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Topsham selectman to turn over documents; calls colleague's request a 'fishing expedition'

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Topsham selectman to turn over documents; calls colleague's request a 'fishing expedition'

TOPSHAM — Selectman Sandra Consolini on Tuesday said she will fully comply with a request for documents sought by Selectman Jim Trusiani under Maine's Freedom of Access Act.

But she also called his action a "fishing expedition" and said "it's sad that he went through with (this)."

Consolini read Trusiani's formal request during the board's Dec. 3 meeting, and said she would turn over the information at the board's next meeting on Dec. 17.

While the Freedom of Information Act allows only five business days for a response, Trusiani said he would give her 15.

"Please be advised that I am prepared to pursue whatever legal remedy necessary to obtain access to the requested records," he wrote in the letter. "I would note willful violation of the open records can result in a fine of up to $500 and imposition of the court costs."

Trusiani requested "all town of Topsham documents, written documents, records, any and all e-mails sent or received on any computers" as they relate to the Bay Park drainage issue, tax increment financing, special local elections, town business communication from or to former Selectman Michelle Derr and all other elected officials from other municipalities, as well as budget and finance information.

Trusiani also called for correspondence related to "Codes and Planning Ordinance or possible violation of ordinance" concerning open field recycling facilities, car dealers/brokers, commercial property owners and plant operators.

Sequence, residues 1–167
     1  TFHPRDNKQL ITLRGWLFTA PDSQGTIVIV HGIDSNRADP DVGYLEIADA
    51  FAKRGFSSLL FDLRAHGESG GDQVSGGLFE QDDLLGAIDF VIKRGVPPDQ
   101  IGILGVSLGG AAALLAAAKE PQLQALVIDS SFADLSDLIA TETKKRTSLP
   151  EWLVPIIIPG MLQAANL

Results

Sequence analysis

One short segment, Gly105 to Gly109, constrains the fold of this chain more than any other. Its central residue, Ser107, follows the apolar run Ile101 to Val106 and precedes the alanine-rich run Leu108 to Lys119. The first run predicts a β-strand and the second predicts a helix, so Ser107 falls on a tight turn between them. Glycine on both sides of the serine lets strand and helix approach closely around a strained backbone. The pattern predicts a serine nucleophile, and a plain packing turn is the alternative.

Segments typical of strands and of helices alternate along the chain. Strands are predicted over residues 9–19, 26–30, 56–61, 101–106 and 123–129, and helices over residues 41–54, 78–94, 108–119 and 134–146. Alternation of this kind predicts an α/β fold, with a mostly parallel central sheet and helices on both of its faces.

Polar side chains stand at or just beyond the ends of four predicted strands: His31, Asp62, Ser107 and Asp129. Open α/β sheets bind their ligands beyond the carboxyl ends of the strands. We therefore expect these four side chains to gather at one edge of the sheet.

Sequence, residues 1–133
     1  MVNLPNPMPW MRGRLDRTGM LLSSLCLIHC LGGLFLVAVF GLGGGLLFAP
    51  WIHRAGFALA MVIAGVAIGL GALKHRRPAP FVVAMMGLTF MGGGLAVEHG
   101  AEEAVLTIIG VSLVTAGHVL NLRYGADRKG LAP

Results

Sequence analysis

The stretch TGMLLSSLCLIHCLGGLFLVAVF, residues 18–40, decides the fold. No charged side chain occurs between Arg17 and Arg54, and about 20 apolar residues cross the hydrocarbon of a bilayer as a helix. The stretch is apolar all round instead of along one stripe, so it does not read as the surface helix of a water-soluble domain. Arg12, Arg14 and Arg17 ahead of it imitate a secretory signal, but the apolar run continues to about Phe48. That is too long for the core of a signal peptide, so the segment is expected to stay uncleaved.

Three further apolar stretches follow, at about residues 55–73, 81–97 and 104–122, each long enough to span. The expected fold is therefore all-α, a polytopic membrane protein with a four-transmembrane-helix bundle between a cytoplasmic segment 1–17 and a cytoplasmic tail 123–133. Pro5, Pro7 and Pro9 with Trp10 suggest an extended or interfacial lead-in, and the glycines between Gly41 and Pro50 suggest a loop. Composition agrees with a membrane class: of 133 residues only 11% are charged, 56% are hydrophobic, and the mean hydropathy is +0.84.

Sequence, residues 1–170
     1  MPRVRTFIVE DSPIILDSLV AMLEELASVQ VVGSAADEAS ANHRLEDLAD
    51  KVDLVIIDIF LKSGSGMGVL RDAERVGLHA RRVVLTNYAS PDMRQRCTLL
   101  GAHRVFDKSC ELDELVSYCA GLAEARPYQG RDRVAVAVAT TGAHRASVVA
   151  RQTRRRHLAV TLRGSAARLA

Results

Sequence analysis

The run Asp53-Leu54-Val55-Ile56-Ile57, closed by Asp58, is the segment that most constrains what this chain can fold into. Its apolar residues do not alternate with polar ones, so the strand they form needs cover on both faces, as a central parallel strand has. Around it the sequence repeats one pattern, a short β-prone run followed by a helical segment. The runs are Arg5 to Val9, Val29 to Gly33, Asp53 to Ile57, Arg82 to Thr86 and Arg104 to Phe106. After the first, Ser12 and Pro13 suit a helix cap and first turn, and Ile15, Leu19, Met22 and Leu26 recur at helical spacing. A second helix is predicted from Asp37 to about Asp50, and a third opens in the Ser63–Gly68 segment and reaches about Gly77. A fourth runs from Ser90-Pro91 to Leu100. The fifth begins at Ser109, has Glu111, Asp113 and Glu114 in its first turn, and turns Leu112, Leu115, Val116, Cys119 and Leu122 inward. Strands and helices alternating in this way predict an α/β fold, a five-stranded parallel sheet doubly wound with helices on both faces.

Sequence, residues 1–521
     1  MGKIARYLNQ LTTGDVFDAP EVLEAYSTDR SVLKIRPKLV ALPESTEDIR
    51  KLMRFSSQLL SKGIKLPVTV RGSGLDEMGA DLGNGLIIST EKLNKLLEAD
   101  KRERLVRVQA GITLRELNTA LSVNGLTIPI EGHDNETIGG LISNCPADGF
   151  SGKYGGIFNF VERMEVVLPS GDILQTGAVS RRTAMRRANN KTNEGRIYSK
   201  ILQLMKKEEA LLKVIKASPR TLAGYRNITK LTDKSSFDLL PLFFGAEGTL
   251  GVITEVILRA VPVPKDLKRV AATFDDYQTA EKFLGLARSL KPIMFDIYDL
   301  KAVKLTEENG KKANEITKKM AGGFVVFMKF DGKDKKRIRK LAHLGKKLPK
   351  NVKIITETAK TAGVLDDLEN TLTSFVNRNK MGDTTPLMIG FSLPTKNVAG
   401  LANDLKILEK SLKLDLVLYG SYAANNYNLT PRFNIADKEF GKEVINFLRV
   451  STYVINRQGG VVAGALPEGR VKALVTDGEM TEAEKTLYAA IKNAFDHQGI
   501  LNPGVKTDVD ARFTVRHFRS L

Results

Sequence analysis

Trusiani's action followed discussion at recent meetings about correspondence between Consolini and members of the public on several issues. Among them was the barring or conditional allowance of any future large-scale, open-field recycling facilities in Topsham, a discussion item Consolini introduced at the board's Oct. 15 meeting after a fire at the Grimmel Industries metal recycling business.

He said Tuesday that one reason he submitted the request is that Consolini ran for office on a platform of encouraging a transparent form of government, and that he expects her to uphold transparency with regard to correspondence she has had about town business, in order to help the board make decisions on those matters.

"If she's going to run on that platform, she needs to live by that platform," Trusiani said, adding that "at no time have I made this personal."

Consolini said she waited to comply until she received a written request because "nobody is going to freely hand over anything just because somebody verbally said ‘hey, I want your documents.' You do have to wait for the letter, so it can explain what they want."

She called Trusiani's action "a fishing expedition" prompted largely because "I ask a lot of questions, I make a lot of observations. And instead of sweeping it under the rug, I'm not that kind of person. That's what I meant by ‘open and transparent government.'" 

Consolini called the Freedom of Access Act "a great act (and) a great law, to give citizens the chance to get public documents, public records, and everything like that, and I know that correspondence to and from me to a citizen is public information because I am a selectman; I am a public official. But I never thought that a fellow selectman would do this, when 90 percent of the correspondence is (copied) to that individual selectman anyway."

But she also complained about having to expose information citizens may have believed would remain private. "There's no disclaimer on the (board's) Web site saying that if you make contact with your selectman, it's public information," she said.

Maine's Freedom of Access Act doesn't require such a disclaimer. But it does regard e-mail to or from government officials as public records available for inspection or copying by any member of the public. The act applies whether the communication is between the elected official and another office holder, or between the official and a private citizen.  

Consolini suggested a private citizen's name should not be made public because they've asked a question of a selectman.

"That's not right," she said. "This is setting a very bad precedent, and it's going to stop a lot of people, the people that won't get up at Town Meeting or won't get up in front of the selectmen at the podium ... from contacting their elected official."

Alex Lear can be reached at 373-9060 ext. 113 or alear@theforecaster.net.